China’s top diplomat visited Myanmar this week to reconfirm major infrastructure plans with its Southeast Asian neighbor, his second trip to Naypyidaw in 2020 and a sign Beijing is shoring up relations in the region to help offset deteriorating ties with the West, analysts said Wednesday.
The visit by Yang Jiechi, head of the Chinese Communist Party’s foreign affairs office, follows weeks of strident U.S. criticism of China’s policies in the South China Sea, as well as pointed complaints about Beijing’s role in Myanmar by a senior U.S. diplomat in Naypyidaw.
Yang, a member of China’s powerful Politburo, met separately Tuesday with State Counselor Aung San Suu Kyi, President Win Myint, and military commander-in-chief Senior General Min Aung Hlaing in Myanmar’s capital Naypyidaw.
They discussed speeding up work on the massive Belt and Road Initiative (BRI) projects, advancing the build-out of the China-Myanmar Economic Corridor (CMEC) — a subsection of the BRI — improving bilateral trade and investment, and ongoing support for Myanmar’s peace process, according to Chinese and Myanmar media reports.
Yang also said China would prioritize the sharing of a COVID-19 vaccine with Myanmar once it is developed, the reports said.
Myanmar political analysts and observers said that the Chinese diplomat’s visit — his second to the country this year — was driven by a desire to keep Myanmar firmly in its corner amid the intensifying rivalry between China and Western countries.
“Rather than pulling Myanmar into China-U.S. tensions, this is a good thing that the two countries show mutual understanding and cooperation,” political analyst Than Soe Naing told RFA on Wednesday.
“They say they will continue to implement projects already agreed to and will increase cooperation in the post-COVID period,” he said.
Yang’s meeting comes nearly eight months after he accompanied Chinese President Xi Jinping on a state visit to Myanmar to mark the 70th anniversary of the establishment of diplomatic relations between the two countries and to sign several deals to implement infrastructure projects under Xi’s signature BRI.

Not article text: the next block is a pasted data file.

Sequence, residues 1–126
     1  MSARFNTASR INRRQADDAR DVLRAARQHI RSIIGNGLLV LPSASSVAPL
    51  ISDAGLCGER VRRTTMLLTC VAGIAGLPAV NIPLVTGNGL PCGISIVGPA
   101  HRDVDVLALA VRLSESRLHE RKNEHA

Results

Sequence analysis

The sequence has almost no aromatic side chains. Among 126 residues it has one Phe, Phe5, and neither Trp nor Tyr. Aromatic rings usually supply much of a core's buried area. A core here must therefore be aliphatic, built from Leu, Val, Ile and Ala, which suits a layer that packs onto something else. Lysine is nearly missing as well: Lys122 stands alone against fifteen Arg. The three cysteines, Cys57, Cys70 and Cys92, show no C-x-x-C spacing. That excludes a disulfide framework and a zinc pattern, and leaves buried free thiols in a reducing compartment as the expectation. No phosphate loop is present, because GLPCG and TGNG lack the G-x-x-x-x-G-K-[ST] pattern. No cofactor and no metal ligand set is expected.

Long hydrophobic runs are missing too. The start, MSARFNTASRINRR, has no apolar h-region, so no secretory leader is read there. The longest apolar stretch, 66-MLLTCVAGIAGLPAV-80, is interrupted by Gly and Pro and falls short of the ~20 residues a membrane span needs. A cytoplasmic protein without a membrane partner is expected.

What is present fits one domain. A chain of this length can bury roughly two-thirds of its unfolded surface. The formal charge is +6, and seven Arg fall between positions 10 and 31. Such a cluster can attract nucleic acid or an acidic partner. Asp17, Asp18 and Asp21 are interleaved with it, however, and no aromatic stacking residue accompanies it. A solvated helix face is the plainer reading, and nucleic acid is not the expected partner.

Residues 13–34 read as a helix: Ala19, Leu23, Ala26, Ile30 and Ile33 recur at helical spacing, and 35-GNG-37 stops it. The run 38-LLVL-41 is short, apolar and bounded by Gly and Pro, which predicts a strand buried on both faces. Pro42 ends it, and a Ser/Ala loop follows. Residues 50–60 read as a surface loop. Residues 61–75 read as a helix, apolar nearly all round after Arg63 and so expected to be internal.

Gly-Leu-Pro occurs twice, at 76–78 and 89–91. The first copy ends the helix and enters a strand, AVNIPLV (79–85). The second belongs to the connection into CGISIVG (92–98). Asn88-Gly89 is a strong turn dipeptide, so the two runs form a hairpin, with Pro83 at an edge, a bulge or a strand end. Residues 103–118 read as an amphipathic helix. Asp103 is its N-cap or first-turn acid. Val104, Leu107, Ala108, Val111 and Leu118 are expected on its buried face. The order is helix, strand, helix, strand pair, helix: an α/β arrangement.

Xi’s visit — the first by a Chinese leader in nearly two decades — marked a “new era” of bilateral relations, Yang said during his current visit, adding that leaders of the two nations should “jointly build a community of Sino-Burmese destiny,” state-run Xinhua news agency reported.
Yang’s visit “shows that Myanmar is becoming more and more important to China and highlights Myanmar's great importance to its diplomacy,” said Khin Khin Kyaw Kyee, lead researcher at the Institute for Strategy and Policy–Myanmar, an independent, nonpartisan think tank.
China also wants to make sure that the big projects it is backing in Myanmar will continue as planned in light of a possible change of government in 2021, she said.
“China wants to secure the agreements for certain projects before the upcoming election,” said Khin Khin Kyaw Kyee, whose research focuses on Myanmar-Chinese relations and the BRI. Myanmar will hold general elections on Nov. 8.
China has invested in many large infrastructure projects in Myanmar, including
the Kyaukphyu deep-sea port on the Bay of Bengal in Rakhine state, a high-speed rail line connecting Kyaukphyu to southwestern China’s landlocked Yunnan province, and the New Yangon city development project.